Premiere: Sincere Engineer Infuse the Mundanity of Winter with Blood-Hot Drama on “Tourniquet”

Originally meant as a lamentation on cracked winter skin, “Tourniquet” plays out as a mood driven mini-drama in the skilled hands of the Chicago-based act Sincere Engineer.

A fresh hemorrhage causes the heart to pump harder. If the heart pushes enough blood through the bandage, the beats soften in an attempt to conserve the remaining blood. At the onset of “Tourniquet,” we hear Deanna Belos (Sincere Engineer) in this hypotensive state, strumming acoustic chords that cloud over her sleepless nightmare.

Tourniquet - Sincere Engineer
Tourniquet – Sincere Engineer
I can’t bear to see. I can barely breathe.
Too much or not enough. I’m walking the line between
Apathy so desperately.
It’s so hard to wake up. It’s so hard to fall asleep.

On the word “hard,” Belos’ growl seeps through the tenderness, salt in her wound. On the first listen it makes you guess at whether she will continue on acoustic for the whole song or if she will try to change things up within the remaining ninety seconds. Sincere Engineer could satisfy fans either way.

“Tourniquet” follows “Trust Me” as Sincere Engineer’s second single released on Hopeless Records. Whereas the latter pulsed from start to finish with Belos’ self-directed rage, “Tourniquet” palpitates under three distinct moods: first despair, then frustration, then acceptance. These moods play sequentially in three distinct acts in place of the standard verse-chorus-verse structure. The sequence carries Belos’ petite tragedy to a hopeful conclusion without having to provide lyrics for the last third of the song.

Sincere Engineer © 2020
Sincere Engineer © 2020

A “profusely sweet ‘n’ bloody” animated music video, courtesy of Nolan Downs, opens on Belos laying in a hospital bed. She is, of course, alone, with a sunflower on the table as the only sign of visitors. A bright major chord signals a pigeon to fly up off the ground—before smacking itself dead on the window outside Belos’ hospital room. Her thoughts and surroundings chase away sleep.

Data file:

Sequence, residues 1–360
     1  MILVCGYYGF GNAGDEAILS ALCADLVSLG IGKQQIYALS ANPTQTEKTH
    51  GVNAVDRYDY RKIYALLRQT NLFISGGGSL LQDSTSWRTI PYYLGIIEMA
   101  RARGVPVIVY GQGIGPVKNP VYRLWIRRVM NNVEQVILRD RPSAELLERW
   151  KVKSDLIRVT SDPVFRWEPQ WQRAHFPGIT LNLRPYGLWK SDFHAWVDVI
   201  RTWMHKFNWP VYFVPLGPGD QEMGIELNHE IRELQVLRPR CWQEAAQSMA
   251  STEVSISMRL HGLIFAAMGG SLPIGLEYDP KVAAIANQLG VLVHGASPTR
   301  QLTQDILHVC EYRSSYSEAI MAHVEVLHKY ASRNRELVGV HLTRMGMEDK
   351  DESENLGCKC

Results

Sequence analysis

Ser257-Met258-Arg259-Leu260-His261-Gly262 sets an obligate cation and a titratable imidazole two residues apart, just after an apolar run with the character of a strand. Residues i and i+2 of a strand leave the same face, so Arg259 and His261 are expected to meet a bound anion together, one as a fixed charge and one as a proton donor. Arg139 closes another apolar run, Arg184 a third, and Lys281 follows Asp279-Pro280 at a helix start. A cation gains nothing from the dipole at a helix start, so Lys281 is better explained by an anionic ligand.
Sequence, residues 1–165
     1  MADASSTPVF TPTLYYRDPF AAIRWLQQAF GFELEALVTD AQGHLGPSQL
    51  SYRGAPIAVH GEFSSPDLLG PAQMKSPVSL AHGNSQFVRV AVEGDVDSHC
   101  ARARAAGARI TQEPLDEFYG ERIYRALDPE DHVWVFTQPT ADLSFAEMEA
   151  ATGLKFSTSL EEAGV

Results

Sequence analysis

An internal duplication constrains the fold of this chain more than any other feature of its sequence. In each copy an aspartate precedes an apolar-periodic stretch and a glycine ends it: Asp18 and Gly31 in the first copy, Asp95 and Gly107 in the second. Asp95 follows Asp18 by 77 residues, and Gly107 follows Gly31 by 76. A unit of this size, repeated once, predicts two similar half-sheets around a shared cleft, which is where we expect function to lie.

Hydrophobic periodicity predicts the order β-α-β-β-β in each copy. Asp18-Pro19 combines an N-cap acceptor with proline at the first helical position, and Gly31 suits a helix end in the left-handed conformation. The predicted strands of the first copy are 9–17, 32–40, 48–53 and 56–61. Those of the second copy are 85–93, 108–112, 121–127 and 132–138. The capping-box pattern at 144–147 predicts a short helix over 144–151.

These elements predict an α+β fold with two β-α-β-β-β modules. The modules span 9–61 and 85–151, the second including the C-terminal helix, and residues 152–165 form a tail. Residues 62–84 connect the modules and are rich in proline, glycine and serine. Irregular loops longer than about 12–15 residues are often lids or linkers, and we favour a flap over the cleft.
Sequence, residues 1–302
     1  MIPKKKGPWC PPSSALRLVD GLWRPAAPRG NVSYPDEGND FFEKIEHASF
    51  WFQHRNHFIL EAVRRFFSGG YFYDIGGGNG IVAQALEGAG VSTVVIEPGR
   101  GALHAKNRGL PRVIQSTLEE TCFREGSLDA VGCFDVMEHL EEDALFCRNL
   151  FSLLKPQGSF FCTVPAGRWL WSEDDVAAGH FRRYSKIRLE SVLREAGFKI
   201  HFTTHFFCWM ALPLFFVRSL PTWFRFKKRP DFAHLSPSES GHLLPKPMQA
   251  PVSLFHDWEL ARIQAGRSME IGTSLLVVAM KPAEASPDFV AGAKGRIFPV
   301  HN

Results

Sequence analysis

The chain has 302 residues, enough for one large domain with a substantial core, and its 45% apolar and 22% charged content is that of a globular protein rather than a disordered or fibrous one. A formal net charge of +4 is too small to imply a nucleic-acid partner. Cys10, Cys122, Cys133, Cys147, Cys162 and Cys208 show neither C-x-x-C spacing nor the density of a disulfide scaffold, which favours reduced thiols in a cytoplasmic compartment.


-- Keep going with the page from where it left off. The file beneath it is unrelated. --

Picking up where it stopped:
I try to close my eyes, but flashing lights are all I see.
I’m in a nightmare. You’re in my daydream.
It’s always something.
I can feel you in today’s breeze.
I can feel your ghost sleeping next to me.

But don’t read so deeply into the nightmare. “This song is about when it gets cold out and the skin on my hands cracks really bad,” says Belos. “But I peppered in some DRAMA.” This playful layer beneath Belos’s brand of punk-via-emo-via-folk opens her songs so that they radiate her hubris as much as her catharsis. “I also employed one of my favorite phrases ever, ‘it’s always something’—I think it says so much without saying anything at all.”

Sincere Engineer © Hovland
Sincere Engineer © Hovland

When a pair of ghost hands tuck the animated Belos in for sleep, a second major chord kicks the song up. The sun shines, her hospital bed empties, and Belos finds herself strolling down the street.

And it’s winter again and there’s cracks in my skin.
Nothing stops the bleeding. You turn your cheek.
A tourniquet, you turn and leave.

Blood drains from all over her body and falls in long trails under her feet.

And it’s winter again and the scars on my limbs,
Nothing stops the bleeding. You turn your cheek.
A tourniquet, you turn and leave.

The camera follows the blood as it flows down to into a sewer, where the video morphs from the figurative to the conceptual. The blistering punk beat becomes a pulsing lub-dub instrumental matched in the video by an animated, healthy heart suspended in mid-air. The heart sprouts veins that grow a healthy, smiling Deanna Belos from the inside out. It’s the first time I’ve ever seen the bleeding-heart trope brought full circle.

Sincere Engineer Bring Honesty to Pop Punk on “Trust Me”


In a previous article for Atwood, I pointed out the pliability of Belos’ sound, a thing that becomes doubly apparent when you hear “Tourniquet.” A two-minute run time usually signals a fast burner or an album interlude; Belos could have easily lengthened the song with additional verses or a longer instrumental. Instead, we get a short and sweet dose to tide us over until Sincere Engineer release more new music.

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Stream: “Tourniquet” – Sincere Engineer

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Tourniquet - Sincere Engineer

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